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Simple steps to new Eclipse specifications

The Eclipse Foundation Specification Process

Wayne Beaton
MicroProfile
© Shutterstock / Sadovski

How should software be implemented? At the Eclipse Foundation, this is decided by the specification document. Wayne Beaton, the Director of Open Source Projects at the Eclipse Foundation, explores the process for how project specifications are created and what this means for Jakarta EE.

The Eclipse Foundation Specification Process (EFSP) defines a general framework for developing specifications in open source at the Eclipse Foundation. At the heart of the EFSP is the notion of an open source project and, much like an open source software project, an open source specification project is concerned with creating various artifacts in an open and transparent manner. In the case of a specification project, however, at least one of the artifacts that’s produced is a specification document that describes how software should be implemented.

The EFSP extends the Eclipse Development Process (EDP). The EDP defines the governance of open source projects at the Eclipse Foundation. This EDP describes, for example, our open source “rules of engagement” (open, transparent, meritocratic), how open source projects are structured, roles and relationships, and our review process around releases. The EFSP adds a few extra checks and balances.

To support specification development, we’ve extended our open source project model to include a specific notion of a specification project. At a basic level, designation as a specification project is a flag that indicates that the open source project that is concerned with producing one or more specifications. In practical terms, unlike regular Eclipse open source projects, specification projects are explicitly aligned with exactly one Eclipse Foundation working group; the specification committee designated by the working group plays a key role in the governance of the project.

A full discussion of working groups is out of scope; the short version is that while open source projects provide a means for individuals to work together, working groups provide a means for companies to work together. A specification committee represents the interests of a working group in the specification process.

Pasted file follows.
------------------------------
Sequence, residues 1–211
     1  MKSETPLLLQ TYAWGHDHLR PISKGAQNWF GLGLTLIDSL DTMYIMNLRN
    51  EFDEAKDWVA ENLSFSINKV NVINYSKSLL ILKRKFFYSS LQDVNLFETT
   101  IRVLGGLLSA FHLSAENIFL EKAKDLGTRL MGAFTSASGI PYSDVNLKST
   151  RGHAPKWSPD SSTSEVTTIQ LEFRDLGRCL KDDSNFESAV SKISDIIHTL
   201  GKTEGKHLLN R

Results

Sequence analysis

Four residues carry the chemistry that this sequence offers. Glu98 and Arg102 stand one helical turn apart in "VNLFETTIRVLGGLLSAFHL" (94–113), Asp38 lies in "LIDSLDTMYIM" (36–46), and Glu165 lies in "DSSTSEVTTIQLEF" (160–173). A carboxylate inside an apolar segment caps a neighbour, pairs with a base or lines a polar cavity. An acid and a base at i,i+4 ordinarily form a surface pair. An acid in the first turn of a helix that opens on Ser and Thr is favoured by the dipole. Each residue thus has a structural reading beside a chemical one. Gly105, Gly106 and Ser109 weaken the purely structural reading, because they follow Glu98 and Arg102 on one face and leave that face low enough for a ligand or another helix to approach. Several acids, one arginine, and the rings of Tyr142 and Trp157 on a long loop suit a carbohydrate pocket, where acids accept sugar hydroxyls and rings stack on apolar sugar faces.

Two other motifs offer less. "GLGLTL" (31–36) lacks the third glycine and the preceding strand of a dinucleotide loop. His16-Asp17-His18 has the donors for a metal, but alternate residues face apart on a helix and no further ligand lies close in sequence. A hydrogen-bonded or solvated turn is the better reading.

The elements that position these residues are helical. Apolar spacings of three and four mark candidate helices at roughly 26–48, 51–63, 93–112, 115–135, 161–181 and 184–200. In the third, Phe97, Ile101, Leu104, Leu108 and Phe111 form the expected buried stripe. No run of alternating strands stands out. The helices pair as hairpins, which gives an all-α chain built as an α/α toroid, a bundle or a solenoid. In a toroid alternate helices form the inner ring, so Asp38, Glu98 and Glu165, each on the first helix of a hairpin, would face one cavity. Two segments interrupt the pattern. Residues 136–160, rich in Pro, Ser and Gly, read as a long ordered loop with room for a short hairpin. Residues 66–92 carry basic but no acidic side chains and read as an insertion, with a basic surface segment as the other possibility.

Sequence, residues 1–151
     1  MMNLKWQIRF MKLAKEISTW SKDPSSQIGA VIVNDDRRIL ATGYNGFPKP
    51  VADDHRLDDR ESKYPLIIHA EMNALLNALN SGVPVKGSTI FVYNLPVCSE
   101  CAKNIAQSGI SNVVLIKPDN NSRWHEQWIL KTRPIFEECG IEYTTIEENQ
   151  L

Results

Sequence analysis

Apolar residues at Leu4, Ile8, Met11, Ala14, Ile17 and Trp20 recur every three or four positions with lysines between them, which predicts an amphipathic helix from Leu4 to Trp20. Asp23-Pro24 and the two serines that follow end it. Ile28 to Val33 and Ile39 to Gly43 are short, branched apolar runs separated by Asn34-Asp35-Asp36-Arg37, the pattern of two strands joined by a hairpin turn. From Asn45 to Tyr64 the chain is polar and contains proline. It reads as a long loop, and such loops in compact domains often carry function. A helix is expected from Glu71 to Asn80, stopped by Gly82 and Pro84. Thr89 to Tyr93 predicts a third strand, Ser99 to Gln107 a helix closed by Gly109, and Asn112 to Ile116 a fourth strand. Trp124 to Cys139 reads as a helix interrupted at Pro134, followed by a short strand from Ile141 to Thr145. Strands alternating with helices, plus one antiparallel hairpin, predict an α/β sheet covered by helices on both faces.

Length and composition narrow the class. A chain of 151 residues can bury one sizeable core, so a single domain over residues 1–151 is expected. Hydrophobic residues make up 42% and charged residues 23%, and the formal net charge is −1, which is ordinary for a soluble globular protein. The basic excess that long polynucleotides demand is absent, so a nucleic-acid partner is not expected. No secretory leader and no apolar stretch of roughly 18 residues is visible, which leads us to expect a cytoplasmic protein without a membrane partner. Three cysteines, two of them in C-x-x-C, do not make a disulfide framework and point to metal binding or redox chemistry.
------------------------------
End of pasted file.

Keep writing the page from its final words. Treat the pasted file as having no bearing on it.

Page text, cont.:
One of the roles of the specification committee is to ensure that specification work stays in-scope. Scope has always been an important concept for Eclipse open source projects: all new Eclipse open source projects are required declare their scope as part of their proposal; that scope must be approved by the Eclipse Foundation’s Executive Director and the membership at large. All Eclipse projects are required to ensure that their work remains within the defined scope (and a change in scope requires a formal community review).

Scope is especially important for specification projects. So much so, that our regular processes are extended to require specification committee approval of the scope before a project can even be created, as well as approval of release plans and all corresponding reviews to ensure that work done by the project falls within the defined scope. The specification committee must also approve of any changes in scope.

Like regular Eclipse open source projects, a Specification Project starts life as a Proposal with a description, scope, list of committers, and more; goes through an iterative development cycle that produces one or more Milestone builds; and then engages in a release process.

eclipse specification process